YONNE CITIES IDENTITY: SENS, VILLENEUVE, JOIGNY, MIGENNES AND AUXERRE

Only one hour distance from Paris metropo-lis, there is a network of cities in a human size that offers an exceptional quality of life. Yonne region offers landscapes and a cultural heri-tage very rich and attractive. This lifestyle is one of the economic assets.

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“Yonne River Corridor” Network of Yonne Cities: the River as Tourist Route C. Matika left throughout the countryside. This provision

is an advantage in terms of resident’s quality of life. The different services for the popula-tion (commerce, transport, health, educapopula-tion) are maintained.

Filled by the nature, the area offers a landsca-pe of exceptional varieties, a natural heritage which is combined with cathedrals, abbeys and fortified churches. One of the first regions in France for the number of unique monu-ments, Yonne holds a high concentration of monuments of Romanesque and gothic style. Moreover, Yonne region has a strong cultural character with many events of music, dance, literature, festivals etc. Naturally adopted in sport and leisure activities, there is an ideal territory for exercising recreational and water sports, pedestrian walking, bridleways, clim-bing and golf.

A - SENS

Sens is a French commune, the capital di-strict, located 120 km southeast of Paris in the Yonne department. This is the second largest city of the department of Yonne and the sixth in the Burgundy region. It is crossed by two ri-vers, the Yonne and the Vanne and is located in the heart of the plain of Sens.

In general, the rail traffic is established as it operates as many freight and mail throu-gh the station, on the Paris-Lyon-Marseille axis. Each day, there are over 7000 habitants of Sens that depart from the station of Sens

Figure 20 - Paris rive gauche / Fertile city, Utopia or reality? (Exposition)

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“Yonne River Corridor” Network of Yonne Cities: the River as Tourist Route C. Matika with direction to work in Paris. Its Eco Park is a modern facility that concentrates all practi-cal, ecological and geographical advantages, favorable for the development of an economic activities.

B - VILLENEUVE

Villeneuve-sur-Yonne is a French commune, located in the Yonne department in its lower valley and in 2010 had 5.295 habitants. Impor-tant elements of the city are the two massive valleys with architecture of a medieval town, a tower and an open deck on the Yonne, of a pre-existing Roman city. The construction of a shopping and leisure center is in progress. C - JOIGNY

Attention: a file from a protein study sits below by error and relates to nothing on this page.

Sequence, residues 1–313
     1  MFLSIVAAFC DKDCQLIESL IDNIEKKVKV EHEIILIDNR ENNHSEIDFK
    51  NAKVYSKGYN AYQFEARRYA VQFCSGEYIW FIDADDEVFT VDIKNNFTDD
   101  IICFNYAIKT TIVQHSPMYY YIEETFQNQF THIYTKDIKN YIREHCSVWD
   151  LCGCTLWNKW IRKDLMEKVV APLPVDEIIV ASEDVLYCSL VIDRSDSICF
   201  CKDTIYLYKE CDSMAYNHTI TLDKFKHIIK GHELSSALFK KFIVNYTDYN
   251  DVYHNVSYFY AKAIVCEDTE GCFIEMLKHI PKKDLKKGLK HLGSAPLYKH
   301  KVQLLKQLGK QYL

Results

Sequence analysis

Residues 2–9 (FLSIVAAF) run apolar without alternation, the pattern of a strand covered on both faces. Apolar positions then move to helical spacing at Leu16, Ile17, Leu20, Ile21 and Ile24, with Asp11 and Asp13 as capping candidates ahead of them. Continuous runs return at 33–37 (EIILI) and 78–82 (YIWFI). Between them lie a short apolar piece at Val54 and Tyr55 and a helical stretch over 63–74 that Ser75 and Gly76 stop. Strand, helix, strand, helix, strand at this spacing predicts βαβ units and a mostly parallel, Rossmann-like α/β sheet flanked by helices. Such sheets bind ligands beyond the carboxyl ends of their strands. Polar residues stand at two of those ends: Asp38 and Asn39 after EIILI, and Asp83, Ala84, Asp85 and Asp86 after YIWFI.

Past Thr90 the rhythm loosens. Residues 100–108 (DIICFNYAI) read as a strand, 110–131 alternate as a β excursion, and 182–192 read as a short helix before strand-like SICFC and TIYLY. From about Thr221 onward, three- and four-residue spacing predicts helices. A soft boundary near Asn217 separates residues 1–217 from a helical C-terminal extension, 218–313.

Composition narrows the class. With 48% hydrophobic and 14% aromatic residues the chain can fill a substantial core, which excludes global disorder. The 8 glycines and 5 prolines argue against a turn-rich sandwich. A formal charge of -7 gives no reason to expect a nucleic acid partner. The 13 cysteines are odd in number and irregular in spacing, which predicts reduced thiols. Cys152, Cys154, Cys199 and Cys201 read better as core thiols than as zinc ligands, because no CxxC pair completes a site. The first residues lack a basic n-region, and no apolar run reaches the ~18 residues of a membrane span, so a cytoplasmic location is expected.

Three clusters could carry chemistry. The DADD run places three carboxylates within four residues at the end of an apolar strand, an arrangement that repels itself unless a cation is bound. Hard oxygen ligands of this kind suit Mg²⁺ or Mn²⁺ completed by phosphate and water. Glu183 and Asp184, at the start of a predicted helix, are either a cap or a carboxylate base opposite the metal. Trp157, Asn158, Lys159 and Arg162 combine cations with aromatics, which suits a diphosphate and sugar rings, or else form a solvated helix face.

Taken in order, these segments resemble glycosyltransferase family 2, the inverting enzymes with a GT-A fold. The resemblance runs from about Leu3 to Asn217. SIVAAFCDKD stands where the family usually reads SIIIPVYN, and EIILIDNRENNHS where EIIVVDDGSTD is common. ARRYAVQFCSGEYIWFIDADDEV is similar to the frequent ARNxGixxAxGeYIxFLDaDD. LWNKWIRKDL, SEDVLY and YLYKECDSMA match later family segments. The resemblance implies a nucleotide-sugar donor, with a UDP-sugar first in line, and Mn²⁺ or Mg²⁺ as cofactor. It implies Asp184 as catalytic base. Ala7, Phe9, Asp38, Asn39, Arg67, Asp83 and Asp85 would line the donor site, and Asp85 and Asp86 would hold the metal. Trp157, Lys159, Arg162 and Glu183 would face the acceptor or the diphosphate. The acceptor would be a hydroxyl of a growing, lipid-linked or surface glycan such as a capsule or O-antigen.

Joigny is a French commune, located in the Yonne departement. The original city was built on a promontory of the “Cuesta”, overlooking the wide river, which served as both protection and communication channel. The city is cros-sed to the south and from east to west by the Yonne. The River of Chênée rises on the north of the city and several of its tributaries. Remarkably located on the route of the road from Paris to Auxerre, the city has hostelries. Wine is an important source of activity. It mo-bilizes a lot of winemakers, coopers and wine merchants. The center of the city is so plain that very often is occupied by flood.

The port is in the direction of Auxerre, the last to be available most of the year and not be blo-Figure 21 - Map with Sens,

Villeneuve, Joigny, Migennes and Auxerre

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Figure 22 - Tables indicating visits, destinations, trip dura-tion, cruise and boat choices.

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“Yonne River Corridor” Network of Yonne Cities: the River as Tourist Route C. Matika

Figure 23 - Map of Sens. Figure 24 - Panoramic view of Sens.

Figure 25 - Map of Villeneuve. Figure 26 - A view in Villeneuve.

Figure 27 - Map of Joigny Figure 28 - Panoramic view of Joigny.

cked by summer low flows. Fishing is active and regulated. The bridge, from the twelfth century, is an important investment and its maintenance is funded by a toll. Joigny has also a small aerodrome open to public air traf-fic. Overall, its bridge, its rich valley propitious to pastures and culture, both vivid and cereal productive, and its strategic location were the source of its wealth, mainly due to the cultiva-tion of vines on limestone hills.

D - MIGENNES

Migennes-sur-Yonne is a French commune in the most northern Burgundy department. Lo-cated about twenty kilometers from Auxerre in the heart of the Yonne, it is at the confluence

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“Yonne River Corridor” Network of Yonne Cities: the River as Tourist Route C. Matika

Figure 29 - Map of Migennes. Figure 30 - Suspension Bridge in Migennes.

Figure 31 - Map of Auxerre. Figure 32 - View of Auxerre, through the river.

Figure 33 - View of Sens as a flood zone.